NEW YORK (AP) — The Atlanta Hawks may never duplicate the way they played in January, during the best month in NBA history.
They at least begin May looking better than in April.
The 60-game winners and runaway No. 1 seed in the Eastern Conference weren’t sharp when the playoffs started, mostly because they were so good during the regular season that they lost their edge once everything was clinched.
Being tied after four games of their first-round series brought out the best in the Hawks, and as they showed in delivering a devastating third-quarter knockout, their best was better than anyone else in the Eastern Conference this season.
Paul Millsap had 25 points, nine rebounds and six assists, and the Hawks finally finished off the Brooklyn Nets in six games, advancing to the East semifinals with a 111-87 victory Friday night.
Kyle Korver added 20 points and hit three of his six 3-pointers during a series-deciding run as the Hawks turned a six-point halftime lead into the only blowout of the series. They have a quick turnaround before facing Washington on Sunday in their second-round opener.
“We lost Game 4 and you never want that happen, but I think we were moving in the right direction (Games) 4, 5, 6,” coach Mike Budenholzer said.
“But at the end of the day you’ve got to get back to work and get prepared for Game 1. If you assume anything you’re in trouble, but I think this was great for us to play playoff basketball to compete like you have to in the playoffs.”
The Wizards, the No. 5 seed, swept Toronto in the first round.
The Hawks won the East so handily after building a big cushion with their 17-0 January — a first in NBA history — that they were able to give their starters plenty of rest down the stretch, though that contributed to some struggles when the playoffs started.
A Nets team they beat four times by an average of 17.3 points during the regular season kept the first two games close and won the next two. But Atlanta pulled away late in Game 5 and came out clicking Friday.
“We didn’t play that well the first three games. I didn’t think we had our edge,” Korver said. “I think coming here and losing two kind of woke of us.”
Atlanta won the final two games and left no doubt about this one after beginning the second half with a 23-3 blitz that made it 74-48, opening as big a gap on the scoreboard as there was between the teams in the standings. The Hawks were 60-22 in the regular season and the Nets were only 38-44 as the last team to qualify for the postseason, but Atlanta had outscored Brooklyn by just nine points through the first five games.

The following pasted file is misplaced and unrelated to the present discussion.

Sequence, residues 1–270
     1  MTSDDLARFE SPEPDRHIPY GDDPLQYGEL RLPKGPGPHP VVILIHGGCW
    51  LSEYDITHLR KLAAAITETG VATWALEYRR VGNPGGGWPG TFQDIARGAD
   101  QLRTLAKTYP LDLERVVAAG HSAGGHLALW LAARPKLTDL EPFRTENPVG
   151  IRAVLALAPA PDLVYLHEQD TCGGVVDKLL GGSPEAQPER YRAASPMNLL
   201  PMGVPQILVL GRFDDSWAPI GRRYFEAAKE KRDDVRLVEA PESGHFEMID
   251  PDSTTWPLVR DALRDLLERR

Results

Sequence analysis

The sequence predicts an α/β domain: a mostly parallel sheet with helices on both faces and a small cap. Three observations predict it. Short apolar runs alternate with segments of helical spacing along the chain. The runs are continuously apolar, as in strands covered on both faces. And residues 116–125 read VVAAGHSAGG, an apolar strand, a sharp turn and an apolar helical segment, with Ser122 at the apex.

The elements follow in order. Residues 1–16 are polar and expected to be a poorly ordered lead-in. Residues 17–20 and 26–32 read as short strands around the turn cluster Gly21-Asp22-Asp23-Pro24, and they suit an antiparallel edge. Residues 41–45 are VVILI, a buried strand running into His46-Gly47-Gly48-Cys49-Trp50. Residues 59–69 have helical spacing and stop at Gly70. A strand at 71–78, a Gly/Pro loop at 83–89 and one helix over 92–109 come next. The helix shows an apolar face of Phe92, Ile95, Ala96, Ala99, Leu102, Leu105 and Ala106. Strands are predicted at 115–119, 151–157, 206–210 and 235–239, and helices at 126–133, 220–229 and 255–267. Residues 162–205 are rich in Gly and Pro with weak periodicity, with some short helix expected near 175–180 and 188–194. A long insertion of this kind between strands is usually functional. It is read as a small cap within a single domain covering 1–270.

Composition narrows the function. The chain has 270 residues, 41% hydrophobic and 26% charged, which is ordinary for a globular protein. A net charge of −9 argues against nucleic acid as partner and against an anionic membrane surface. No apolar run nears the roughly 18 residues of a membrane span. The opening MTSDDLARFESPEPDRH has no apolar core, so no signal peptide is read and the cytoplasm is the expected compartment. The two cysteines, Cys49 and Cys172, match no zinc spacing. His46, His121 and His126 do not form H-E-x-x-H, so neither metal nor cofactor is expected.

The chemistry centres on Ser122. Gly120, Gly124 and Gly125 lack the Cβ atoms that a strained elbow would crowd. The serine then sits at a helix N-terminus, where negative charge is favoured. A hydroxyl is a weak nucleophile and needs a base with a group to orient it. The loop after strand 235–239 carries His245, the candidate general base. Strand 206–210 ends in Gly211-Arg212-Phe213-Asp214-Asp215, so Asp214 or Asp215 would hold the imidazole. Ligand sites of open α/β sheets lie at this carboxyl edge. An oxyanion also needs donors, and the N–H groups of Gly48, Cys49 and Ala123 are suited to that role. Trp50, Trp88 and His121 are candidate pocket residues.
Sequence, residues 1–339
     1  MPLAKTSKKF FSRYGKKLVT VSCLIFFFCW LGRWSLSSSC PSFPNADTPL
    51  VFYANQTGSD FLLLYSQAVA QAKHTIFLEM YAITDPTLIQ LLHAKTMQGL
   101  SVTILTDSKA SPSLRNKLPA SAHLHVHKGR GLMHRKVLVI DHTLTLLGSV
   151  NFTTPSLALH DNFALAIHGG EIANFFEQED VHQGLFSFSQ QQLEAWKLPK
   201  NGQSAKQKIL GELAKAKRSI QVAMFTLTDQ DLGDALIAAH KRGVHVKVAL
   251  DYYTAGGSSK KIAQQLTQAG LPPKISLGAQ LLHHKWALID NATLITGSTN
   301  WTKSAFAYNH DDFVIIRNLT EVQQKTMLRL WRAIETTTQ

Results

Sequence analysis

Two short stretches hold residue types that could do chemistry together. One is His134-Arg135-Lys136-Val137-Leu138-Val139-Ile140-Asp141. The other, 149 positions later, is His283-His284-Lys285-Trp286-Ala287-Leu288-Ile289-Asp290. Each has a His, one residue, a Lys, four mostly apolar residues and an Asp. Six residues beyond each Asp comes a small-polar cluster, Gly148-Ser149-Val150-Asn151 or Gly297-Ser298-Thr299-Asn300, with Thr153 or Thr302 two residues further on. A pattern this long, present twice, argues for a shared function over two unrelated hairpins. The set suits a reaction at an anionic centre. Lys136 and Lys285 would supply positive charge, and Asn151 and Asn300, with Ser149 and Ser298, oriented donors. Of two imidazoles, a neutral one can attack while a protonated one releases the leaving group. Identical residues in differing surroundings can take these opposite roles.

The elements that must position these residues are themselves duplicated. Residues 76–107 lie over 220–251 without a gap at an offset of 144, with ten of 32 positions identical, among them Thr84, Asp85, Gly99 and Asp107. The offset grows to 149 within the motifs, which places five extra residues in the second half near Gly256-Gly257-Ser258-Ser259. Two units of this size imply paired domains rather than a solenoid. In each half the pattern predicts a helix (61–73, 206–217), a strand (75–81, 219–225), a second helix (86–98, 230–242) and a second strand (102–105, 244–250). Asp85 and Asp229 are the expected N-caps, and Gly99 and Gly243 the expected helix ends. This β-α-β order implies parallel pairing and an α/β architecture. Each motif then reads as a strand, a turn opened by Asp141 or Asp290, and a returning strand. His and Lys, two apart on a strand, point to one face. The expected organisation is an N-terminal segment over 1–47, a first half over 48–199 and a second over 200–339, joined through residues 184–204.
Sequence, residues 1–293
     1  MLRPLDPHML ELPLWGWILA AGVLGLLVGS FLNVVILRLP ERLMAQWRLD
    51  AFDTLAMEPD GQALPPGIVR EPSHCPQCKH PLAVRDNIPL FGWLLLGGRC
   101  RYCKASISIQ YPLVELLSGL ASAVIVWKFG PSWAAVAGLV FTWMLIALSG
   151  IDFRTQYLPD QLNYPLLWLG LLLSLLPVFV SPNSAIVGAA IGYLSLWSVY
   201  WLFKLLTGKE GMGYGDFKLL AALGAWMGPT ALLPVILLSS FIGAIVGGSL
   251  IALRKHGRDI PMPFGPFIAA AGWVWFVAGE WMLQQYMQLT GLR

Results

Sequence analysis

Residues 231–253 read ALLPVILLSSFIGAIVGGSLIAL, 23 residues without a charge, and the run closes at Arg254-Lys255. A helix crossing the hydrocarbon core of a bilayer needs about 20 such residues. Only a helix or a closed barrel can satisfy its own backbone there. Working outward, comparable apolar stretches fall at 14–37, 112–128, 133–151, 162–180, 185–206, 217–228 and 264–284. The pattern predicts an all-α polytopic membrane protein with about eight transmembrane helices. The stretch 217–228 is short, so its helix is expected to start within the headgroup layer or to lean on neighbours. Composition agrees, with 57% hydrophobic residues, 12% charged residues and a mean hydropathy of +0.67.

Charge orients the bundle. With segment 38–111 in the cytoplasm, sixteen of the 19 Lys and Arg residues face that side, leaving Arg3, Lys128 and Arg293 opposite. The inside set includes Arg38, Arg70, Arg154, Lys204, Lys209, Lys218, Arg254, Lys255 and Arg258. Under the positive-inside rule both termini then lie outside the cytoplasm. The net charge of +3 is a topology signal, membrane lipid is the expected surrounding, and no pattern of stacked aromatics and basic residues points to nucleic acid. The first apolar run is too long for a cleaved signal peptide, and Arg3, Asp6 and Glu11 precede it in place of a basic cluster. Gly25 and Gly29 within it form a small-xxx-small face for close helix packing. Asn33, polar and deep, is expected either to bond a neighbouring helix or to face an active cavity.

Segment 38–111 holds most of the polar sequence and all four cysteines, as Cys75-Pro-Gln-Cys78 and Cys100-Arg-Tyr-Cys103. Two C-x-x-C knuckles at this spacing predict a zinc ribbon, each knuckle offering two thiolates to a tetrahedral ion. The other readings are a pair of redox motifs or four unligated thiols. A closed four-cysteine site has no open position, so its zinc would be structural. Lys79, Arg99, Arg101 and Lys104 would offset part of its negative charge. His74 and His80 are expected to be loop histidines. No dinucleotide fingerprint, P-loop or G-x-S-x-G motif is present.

The Nets looked as if they would keep this one close after recovering from the Hawks’ strong start, but Atlanta wouldn’t let that happen.
Brook Lopez scored 19 points for the Nets, who had saved first-round elimination with Game 6 victories in each of the last two years. But a lethargic start to the third quarter ended any hopes of taking the series back to Atlanta on Sunday.
“We wanted to make the playoffs. We did, and we thought we put up a great effort against this team that’s the best in the East,” Nets guard Deron Williams said.
Hawks: Budenholzer finished third in voting for executive of the year, which was won Friday by Golden State general manager Bob Myers. Budenholzer, who won coach of the year, has overseen basketball operations since general manager Danny Ferry’s racially charged comments.
Nets: The Nets fell to 5-1 in Game 6 of first-round series. They beat Chicago in 2013 in a series they eventually lost, then topped Toronto last year before edging the Raptors in Game 7.
Carroll finished with 20 points, his fourth straight game with at least that many. He is the first Hawks player to do that since Jamal Crawford in 2011, and Hollins said he was the MVP of the series. “Oh man, that brings joy to me,” Carroll said. “He was my first coach in the NBA.”
IF AT FIRST
The team leading after the first quarter won all six games in the series. The Hawks had a 47-point advantage in their victories.
Follow Brian Mahoney on Twitter: http://www.twitter.com/Briancmahoney
Copyright © The Associated Press. All rights reserved. This material may not be published, broadcast, rewritten or redistributed.